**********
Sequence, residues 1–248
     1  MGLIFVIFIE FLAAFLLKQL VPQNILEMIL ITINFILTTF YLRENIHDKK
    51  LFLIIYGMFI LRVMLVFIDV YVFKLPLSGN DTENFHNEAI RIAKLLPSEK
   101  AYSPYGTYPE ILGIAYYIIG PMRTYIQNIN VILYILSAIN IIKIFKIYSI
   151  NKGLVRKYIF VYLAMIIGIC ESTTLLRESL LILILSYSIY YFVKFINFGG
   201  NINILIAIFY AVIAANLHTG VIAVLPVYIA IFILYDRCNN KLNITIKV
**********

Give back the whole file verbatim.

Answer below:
Sequence, residues 1–248
     1  MGLIFVIFIE FLAAFLLKQL VPQNILEMIL ITINFILTTF YLRENIHDKK
    51  LFLIIYGMFI LRVMLVFIDV YVFKLPLSGN DTENFHNEAI RIAKLLPSEK
   101  AYSPYGTYPE ILGIAYYIIG PMRTYIQNIN VILYILSAIN IIKIFKIYSI
   151  NKGLVRKYIF VYLAMIIGIC ESTTLLRESL LILILSYSIY YFVKFINFGG
   201  NINILIAIFY AVIAANLHTG VIAVLPVYIA IFILYDRCNN KLNITIKV